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perceived. The necessity, therefore, for assigning the last place to the constructive dialogues, is in every point of view so great, that if well-grounded historical traces were to be found of an earlier composition of the Republic prior to any one of those preparatory dialogues, though none such has yet been found, and, what is more, will not be found, we could not avoid falling into the most serious contradiction with our judgement upon Plato, and we should be much embarrassed how to reconcile this instance of unreason with his vast intelligence. As then, these constructive dialogues are indisputably the last, some, on the other hand, of the remaining ones distinguish themselves as clearly as the first ; for instance, continuing to adhere only to those of the first rank, the Phaedrus, Protagoras, and Parmenides. For these are contrasted with the former, first by a character of youthfulness quite peculiar to them, which may indeed be most easily recognized in the first two, but even in the last will not escape the attentive eye. Moreover by the circumstance, that as by the former all the rest are presupposed, so, conversely, many references are to be found throughout to these latter as previously existing ; and even looking only to the particular thoughts, they appear in these dialogues still as it were in the first glitter and awkwardness of early youth. And further, these three dialogues are not indeed like those three last, worked up into one whole with a definite purpose and with much art, but notwithstanding, mutually connected in the closest manner by a similarity in the entire construction scarcely ever to be met with again to the same degree, by many like thoughts, and a number of particular allusions. But the most important thing yet in them is their internal matter, for in them are developed the first breathings of what is the basis of all that follows, of Logic as the instrument of Philosophy, of Ideas as its proper object, consequently of the possibility and the conditions of knowledge. These therefore, in conjunction with some dialogues attaching to them of the lesser kind, form the first, and, as it were, elementary part of the Platonic works. The others occupy the interval between these and the constructive, inasmuch as they treat progressively of the applicability of those principles, of the distinction between philosophical and common knowledge in their united application to two proposed and real sciences, that of Ethics, namely, and of Physics. In this respect also they stand in the middle between the constructive in which the practical and the theoretical are completely united, and the elementary, in which the two are kept separate more than any where else in Plato. These, then, form the second part, which is distinguished by an especial and almost difficult artificiality, as well in the construction of the particular dialogues as in their progressive connection, and which might be named for distinction's sake, the indirect method, since it commences almost universally with the juxta-position of antitheses. In these three divisions therefore, the works of Plato are here to be given to the reader; so that while each part is arranged according to its obvious characteristics, the dialogues also of the second rank occupy precisely the places which, after due consideration of every point, seems to belong to them. Only it must be allowed that with respect to this more nice arrangement, everything has not equal certainty, inasmuch as there are two things necessary to be attended to in making it, the natural progression of the development of ideas, and a variety of particular allusions and references. With respect to the works of the first rank, the first of these two is generally perfectly decisive, and is never contravened by a characteristic of the second kind. Thus, in the first part, the development of the dialogistic method is the predominant object, and hence, manifestly, the Phaedrus is the first and the Parmenides the last, partly as a most perfect exposition of it, partly as a transition to the second part, because it begins to philosophize upon the relation of ideas to actual things. In the second part, the explanation of knowledge and of the process of knowing in operation is the predominant subject, and at the head of that part stands the Theaetetus, beyond the possibility of a mistake, taking up as it does this question by its first root, the Sophistes with the annexed Politicus in the middle, while the Phaedo and Philebus close it as transitions to the third part; the first, from the anticipatory sketch of Natural Philosophy, the second, because in its discussion of the idea of the Good, it begins to approximate to a totally constructive exposition, and passes into the direct method. The arrangement of the collateral works of the second class, is not always quite so decisive, as several, in the first place, are only enlargements upon and appendages to the same principal work, as is the case in the first part with the Laches and Charmides in reference to the Protagoras, and in these therefore we can only follow certain particular, and not always very definite, indications; and, in the second place, several of them might be transitions between the same larger dialogues, as in the second part the Gorgias with the Menon and Euthydemus collectively are preludes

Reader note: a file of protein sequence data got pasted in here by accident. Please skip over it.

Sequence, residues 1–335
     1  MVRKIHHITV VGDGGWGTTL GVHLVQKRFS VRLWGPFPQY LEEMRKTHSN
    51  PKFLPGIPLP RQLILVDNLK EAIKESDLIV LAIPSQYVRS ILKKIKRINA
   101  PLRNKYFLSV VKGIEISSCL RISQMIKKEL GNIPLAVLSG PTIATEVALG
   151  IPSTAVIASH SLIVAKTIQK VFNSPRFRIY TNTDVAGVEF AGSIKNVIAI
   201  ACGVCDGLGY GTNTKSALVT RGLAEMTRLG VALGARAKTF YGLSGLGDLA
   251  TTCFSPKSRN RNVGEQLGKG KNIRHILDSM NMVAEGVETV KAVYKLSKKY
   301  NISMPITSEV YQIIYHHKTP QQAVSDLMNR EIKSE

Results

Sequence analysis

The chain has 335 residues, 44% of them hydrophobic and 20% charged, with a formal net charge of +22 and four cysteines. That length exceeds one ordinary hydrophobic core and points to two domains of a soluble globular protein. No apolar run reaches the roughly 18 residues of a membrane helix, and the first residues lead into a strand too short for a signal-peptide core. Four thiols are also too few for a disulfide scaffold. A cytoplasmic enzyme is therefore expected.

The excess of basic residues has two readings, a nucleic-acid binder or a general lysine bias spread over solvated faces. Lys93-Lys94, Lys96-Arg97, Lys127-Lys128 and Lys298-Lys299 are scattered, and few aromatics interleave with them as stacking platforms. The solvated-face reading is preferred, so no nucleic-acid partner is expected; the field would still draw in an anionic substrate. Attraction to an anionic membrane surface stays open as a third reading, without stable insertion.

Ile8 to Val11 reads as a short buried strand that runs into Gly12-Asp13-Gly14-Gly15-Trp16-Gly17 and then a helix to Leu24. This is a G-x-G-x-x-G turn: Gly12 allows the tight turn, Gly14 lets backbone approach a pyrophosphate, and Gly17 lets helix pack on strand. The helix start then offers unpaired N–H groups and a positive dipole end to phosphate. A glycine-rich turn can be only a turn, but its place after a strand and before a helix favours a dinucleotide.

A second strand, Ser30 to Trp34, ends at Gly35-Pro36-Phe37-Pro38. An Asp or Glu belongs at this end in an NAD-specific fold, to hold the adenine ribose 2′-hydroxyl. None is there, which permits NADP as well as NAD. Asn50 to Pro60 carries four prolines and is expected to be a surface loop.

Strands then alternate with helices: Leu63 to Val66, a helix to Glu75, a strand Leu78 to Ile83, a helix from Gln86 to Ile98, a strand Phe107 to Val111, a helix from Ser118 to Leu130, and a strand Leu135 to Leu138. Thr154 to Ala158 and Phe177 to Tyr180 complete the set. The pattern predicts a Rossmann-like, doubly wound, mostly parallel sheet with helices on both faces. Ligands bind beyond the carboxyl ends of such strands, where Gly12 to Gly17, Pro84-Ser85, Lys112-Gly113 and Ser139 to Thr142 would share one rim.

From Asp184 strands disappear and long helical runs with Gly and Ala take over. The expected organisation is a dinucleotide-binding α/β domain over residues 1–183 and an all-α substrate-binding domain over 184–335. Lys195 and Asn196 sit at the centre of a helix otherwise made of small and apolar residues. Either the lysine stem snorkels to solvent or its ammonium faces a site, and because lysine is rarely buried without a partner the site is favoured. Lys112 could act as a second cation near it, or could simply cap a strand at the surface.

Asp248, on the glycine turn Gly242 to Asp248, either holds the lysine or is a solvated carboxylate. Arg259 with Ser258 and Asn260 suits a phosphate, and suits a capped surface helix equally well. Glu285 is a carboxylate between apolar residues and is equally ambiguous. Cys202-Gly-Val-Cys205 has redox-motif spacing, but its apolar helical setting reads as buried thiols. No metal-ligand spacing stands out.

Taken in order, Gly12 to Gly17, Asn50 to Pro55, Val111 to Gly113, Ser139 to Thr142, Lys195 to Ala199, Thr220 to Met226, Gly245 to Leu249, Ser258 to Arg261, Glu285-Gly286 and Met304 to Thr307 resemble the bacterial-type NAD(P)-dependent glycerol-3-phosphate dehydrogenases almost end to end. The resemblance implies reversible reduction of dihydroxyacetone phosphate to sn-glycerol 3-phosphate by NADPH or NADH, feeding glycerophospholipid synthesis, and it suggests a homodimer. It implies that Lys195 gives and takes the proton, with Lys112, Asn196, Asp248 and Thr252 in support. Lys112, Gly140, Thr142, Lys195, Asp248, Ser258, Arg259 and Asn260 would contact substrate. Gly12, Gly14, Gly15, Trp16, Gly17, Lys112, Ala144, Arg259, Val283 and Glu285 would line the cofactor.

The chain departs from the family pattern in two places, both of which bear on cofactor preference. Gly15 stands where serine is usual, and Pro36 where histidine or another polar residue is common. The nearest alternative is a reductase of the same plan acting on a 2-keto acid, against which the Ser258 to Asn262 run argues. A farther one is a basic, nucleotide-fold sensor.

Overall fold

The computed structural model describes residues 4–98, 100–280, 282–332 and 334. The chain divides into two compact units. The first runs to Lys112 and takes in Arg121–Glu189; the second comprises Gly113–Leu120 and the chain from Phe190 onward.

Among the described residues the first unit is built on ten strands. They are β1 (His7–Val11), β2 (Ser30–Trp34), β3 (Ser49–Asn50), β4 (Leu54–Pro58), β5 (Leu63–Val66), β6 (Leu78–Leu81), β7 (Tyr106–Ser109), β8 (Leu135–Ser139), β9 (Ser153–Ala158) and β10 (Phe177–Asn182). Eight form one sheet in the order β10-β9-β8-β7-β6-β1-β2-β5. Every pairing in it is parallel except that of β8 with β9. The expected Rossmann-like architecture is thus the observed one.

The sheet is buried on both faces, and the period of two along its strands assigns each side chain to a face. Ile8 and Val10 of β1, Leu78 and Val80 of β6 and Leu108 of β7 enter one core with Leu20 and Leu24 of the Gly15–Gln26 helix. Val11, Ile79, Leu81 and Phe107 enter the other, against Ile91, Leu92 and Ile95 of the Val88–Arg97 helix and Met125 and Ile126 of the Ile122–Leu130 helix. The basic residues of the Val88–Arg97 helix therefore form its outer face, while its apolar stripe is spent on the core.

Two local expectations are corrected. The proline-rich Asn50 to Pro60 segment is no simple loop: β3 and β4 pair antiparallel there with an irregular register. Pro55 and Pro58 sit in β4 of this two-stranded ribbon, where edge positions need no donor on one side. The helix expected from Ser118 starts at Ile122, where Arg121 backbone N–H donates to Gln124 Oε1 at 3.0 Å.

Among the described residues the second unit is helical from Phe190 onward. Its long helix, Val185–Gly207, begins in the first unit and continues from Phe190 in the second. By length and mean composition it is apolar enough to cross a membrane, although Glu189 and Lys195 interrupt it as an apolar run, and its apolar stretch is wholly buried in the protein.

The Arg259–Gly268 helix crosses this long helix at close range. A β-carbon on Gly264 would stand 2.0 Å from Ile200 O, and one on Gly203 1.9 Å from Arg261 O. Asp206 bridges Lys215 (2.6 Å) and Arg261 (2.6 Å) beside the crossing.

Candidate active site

diverging from the Theaetetus, to the Politicus : so that we must rest satisfied with an accumulation of probabilities collected as accurately as may be from every source. The third part contains no other subordinate work except the Laws, to which, certainly, not only with reference to that important triple work, but also considered in itself, we must give that name, and say that, although copiously penetrated with philosophical matter, they still form only a collateral piece, although, from their extensive range and genuine Platonic origin, they are perfectly entitled to belong to the works of the first class. Lastly, as regards those dialogues, to which with reference to the point of view taken in the arrangement, we have assigned in common a third place, although they, in point of genuineness, have a very different value, they will be distributed into appendices under all three divisions, according as either historical or internal evidence, in so far as they are Platonic, assign them a probable place, or according as the critical examination of them is facilitated particularly by comparison with this or that dialogue. For they also shall have the privilege which belongs to them, of being provided with all that can be said in a short space towards elucidating them, and bringing their cause more near to a decision.

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This dialogue usually bears as a second title, “Or of the Beautiful;” and has been sometimes named, “Of Love and of the Mind.” / Indisputably all such second titles, appearing as they do to several dialogues of Plato, have arisen, probably accidentally, from a later hand, and have produced almost universally the disadvantageous effect of leading the reader upon a wrong track, and thus favouring views in part far too limited, in part entirely false, with regard to the object of the philosopher and the meaning of the works This holds especially of the superadded titles of this dialogue, which have been understood almost universally as indicating the true subject of it, have been translated and used in quotations, though love and beauty appear only in one part of the work, and could not, therefore, to an unprejudiced person, obtain as the true and proper subject of it. The omission, however, of this deceptive title will be hardly sufficient to replace the reader in that original state of absence of all prejudice; and from this cause, therefore, as well as from a desire to lay the Platonic method as clearly as possible before the mind, on occasion of the first dialogue, this introduction muş- claim to extend to what may appear a somewhat disproportionate length.